Conor Daly earned himself and Carlin a first IndyCar pole position at Iowa on Friday, and it was only a late intervention from a couple of Penskes that prevented him from securing a clean sweep for this weekend’s double-header, with Josef Newgarden ultimately claiming the honor for race two.
Daly was the fifth car out and dusted those that had come before him with a first lap average of 175.188mph, and backed it up with a stout second lap of 174.960mph. Under this weekend’s unconventional qualifying procedure, whereby the first lap set the grid for race one and the second lap sorted the starting order for race two, that put him in a strong position for both races. But with most of the field still in the qualifying queue, it also made for a nervous wait.
On this occasion, the wait was less painful than it might have been: the field ticked down without anyone offering any real opposition until only the three Penskes, Colton Herta and Scott Dixon remained in the line. That shrunk further when Simon Pagenaud’s car suffered a fuel problem in pitlane, forcing the 2016 champion back to the garage to contemplate the prospect of two last-place starts.
There were no such problems for Will Power, who fell just short of knocking Daly off the top spot on his first lap but then jumped to provisional pole for race two. Newgarden was out immediately afterwards and ran Daly’s lap one time even closer – the pair were separated by about 0.08s – but the reigning champion found a little extra on his second lap to better both Power and Daly with 175.333mph.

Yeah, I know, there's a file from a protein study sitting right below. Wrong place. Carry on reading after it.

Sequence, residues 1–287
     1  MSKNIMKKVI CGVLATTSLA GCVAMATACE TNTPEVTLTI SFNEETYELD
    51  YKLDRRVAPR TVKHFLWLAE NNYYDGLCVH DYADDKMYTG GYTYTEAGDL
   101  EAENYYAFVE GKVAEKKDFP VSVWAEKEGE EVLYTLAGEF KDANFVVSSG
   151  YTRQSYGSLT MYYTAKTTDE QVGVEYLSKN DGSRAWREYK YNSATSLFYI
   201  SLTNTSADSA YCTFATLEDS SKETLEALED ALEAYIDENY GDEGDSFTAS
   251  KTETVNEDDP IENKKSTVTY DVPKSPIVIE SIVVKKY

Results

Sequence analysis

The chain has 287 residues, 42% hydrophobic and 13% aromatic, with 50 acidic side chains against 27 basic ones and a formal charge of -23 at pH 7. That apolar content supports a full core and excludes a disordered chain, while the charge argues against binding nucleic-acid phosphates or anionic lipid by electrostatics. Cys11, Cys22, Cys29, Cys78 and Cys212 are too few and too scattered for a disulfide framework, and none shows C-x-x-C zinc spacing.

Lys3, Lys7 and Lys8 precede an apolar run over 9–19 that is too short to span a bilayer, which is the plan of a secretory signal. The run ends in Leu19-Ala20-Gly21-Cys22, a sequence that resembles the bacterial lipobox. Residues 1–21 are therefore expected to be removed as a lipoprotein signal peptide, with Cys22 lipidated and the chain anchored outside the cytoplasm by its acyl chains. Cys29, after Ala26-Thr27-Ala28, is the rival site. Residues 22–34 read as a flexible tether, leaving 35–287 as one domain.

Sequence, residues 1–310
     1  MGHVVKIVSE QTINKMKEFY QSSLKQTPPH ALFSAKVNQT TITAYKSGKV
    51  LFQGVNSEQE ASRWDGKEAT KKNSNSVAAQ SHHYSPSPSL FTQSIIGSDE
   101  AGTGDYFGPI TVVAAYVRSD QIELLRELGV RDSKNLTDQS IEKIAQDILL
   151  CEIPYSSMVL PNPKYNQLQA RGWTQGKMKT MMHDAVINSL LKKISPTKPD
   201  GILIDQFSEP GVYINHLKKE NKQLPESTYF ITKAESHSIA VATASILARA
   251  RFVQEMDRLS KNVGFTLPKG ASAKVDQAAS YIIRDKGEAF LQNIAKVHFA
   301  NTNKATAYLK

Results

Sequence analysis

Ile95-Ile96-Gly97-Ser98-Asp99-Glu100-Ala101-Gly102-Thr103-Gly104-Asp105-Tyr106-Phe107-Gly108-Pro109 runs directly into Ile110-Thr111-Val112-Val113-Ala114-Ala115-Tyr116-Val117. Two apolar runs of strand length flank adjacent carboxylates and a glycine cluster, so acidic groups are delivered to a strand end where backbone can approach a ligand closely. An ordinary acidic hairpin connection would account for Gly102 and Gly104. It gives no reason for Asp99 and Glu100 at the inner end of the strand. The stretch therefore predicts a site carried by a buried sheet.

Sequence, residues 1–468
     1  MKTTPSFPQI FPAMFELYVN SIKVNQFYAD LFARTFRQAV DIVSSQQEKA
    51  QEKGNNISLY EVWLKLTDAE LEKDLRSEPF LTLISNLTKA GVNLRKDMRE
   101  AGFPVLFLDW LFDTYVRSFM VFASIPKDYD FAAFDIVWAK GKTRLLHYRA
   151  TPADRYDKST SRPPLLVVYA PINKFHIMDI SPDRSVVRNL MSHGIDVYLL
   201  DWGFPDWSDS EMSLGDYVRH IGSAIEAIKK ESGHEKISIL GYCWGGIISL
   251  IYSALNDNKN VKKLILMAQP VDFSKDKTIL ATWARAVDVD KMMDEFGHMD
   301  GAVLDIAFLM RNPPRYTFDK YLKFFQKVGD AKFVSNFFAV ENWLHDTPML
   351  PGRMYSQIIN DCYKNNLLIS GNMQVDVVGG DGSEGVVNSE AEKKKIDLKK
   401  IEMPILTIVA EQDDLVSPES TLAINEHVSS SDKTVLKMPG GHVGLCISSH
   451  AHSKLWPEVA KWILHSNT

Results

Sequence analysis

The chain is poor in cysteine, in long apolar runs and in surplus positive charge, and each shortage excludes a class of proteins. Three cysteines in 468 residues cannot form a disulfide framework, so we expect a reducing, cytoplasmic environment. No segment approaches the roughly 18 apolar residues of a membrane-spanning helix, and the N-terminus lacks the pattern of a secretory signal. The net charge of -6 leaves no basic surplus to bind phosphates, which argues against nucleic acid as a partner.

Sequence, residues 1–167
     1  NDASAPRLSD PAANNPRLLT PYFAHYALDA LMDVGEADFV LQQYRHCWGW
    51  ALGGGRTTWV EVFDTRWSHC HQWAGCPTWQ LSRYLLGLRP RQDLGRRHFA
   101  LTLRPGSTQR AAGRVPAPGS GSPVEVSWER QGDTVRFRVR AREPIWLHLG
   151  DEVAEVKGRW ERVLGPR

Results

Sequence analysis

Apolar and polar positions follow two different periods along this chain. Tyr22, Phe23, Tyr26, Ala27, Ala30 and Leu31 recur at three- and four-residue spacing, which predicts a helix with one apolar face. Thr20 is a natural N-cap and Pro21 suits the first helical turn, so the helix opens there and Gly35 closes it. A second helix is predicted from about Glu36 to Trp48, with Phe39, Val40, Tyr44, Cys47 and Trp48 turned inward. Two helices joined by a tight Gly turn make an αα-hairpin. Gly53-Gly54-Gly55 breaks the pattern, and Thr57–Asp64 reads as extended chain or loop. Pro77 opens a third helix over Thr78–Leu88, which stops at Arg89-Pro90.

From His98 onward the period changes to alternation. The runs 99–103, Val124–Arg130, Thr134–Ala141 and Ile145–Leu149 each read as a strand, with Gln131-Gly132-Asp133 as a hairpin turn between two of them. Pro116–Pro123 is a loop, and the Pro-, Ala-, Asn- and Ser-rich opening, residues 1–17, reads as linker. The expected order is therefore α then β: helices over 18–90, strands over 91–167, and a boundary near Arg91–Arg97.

That just left Dixon, who quickly made it apparent that the No.9 didn’t have enough to pose a threat. Daly’s fingernails were spared further torture.
“It’s just awesome,” Daly said. “So thankful to have a bit of a comeback. So thankful to be here. I hated this place the last few years, and now we’re on pole. This is hilarious. We have one more mission tonight, and that’s the race.”
There were other sorts of heroics to be found elsewhere. Zach Veach wasn’t the only Andretti Autosport driver to struggle – Alexander Rossi’s car was visibly loose pretty much all the way around the track – but a back-row starting spot is infinitely preferable to missing tonight’s race because the car is being rebuild, which would have been the case had the driver of the No.26 not made a phenomenal save when his car bobbled on his second flying lap.